“Around 2006, I’d just had enough of covering the round. I was on rugby at the time and it was killing me to be honest,” he says. “I was either going to get what I wanted or leave, because I couldn’t do it anymore. So I went to [editor] Tim Murphy with a proposal, and the basis of it was that the media needed people who weren’t attached to the sports, because they were asking the same people to write news and features as well as critique the sport.

“I said that we needed independent people, and I wanted to be one of them, and he let me do it straight away. He didn’t even quibble or anything. He went ‘right, let’s go for it’. I’m really grateful for that.”

Murphy had witnessed a gradual transition in Rattue’s work, moving from traditional reporting into an unofficial columnist’s role. He saw the value in Rattue’s writing and perspective, but knew there was inherent friction between the critic and the critiqued.

“Chris wrote sports beautifully. But even when he wasn’t seeking a reaction, if he wanted to say what he really thought, he found himself being marginalised by the sports franchises he reported on. It became more difficult to give the unvarnished view that he wanted to give, if he was still having to front up to press conferences and team namings and all that kind of stuff. There was some impatience, some hostility, some kind of wariness about what, the sport felt, was a guy who was reporting alongside them also kicking them in the nuts.”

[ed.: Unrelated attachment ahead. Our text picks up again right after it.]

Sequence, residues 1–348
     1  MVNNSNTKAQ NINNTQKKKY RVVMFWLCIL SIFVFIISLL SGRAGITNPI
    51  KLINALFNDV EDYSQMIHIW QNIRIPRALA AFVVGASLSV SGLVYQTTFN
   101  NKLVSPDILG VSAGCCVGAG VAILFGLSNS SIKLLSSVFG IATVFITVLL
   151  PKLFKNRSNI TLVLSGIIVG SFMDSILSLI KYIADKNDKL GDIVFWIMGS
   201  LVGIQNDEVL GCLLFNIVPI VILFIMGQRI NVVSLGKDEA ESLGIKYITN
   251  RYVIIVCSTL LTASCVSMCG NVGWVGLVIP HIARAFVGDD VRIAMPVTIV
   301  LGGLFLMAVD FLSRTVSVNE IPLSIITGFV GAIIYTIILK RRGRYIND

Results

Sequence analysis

The newspaper business is tough, however, and it wasn’t all about giving Rattue a cushy gig. “We needed personalities with expertise, you know? Like anything, the best kind of go-to sources are those that have big personalities. For a fair time, we gave his column most of a page, like they do in the Australian newspapers. Chris has never really liked all that profile on him. He’s a low-key sort of fellow.”

Rattue rubs his left earlobe when he’s uncomfortable, and there’s something confessional in the way he speaks. There are long pauses in our conversations, but they drift by easily, more a mutual gathering of thoughts. Rattue is currently on a five-week stay-at-home holiday – he was getting a bit tired – and he plans to paint his house in that time. I offered to help, but he told me our conversations were an excellent excuse not to get started. I suggested the Kingslander pub as a meeting point, but he preferred coffee, so we met at Shaky Isles cafe.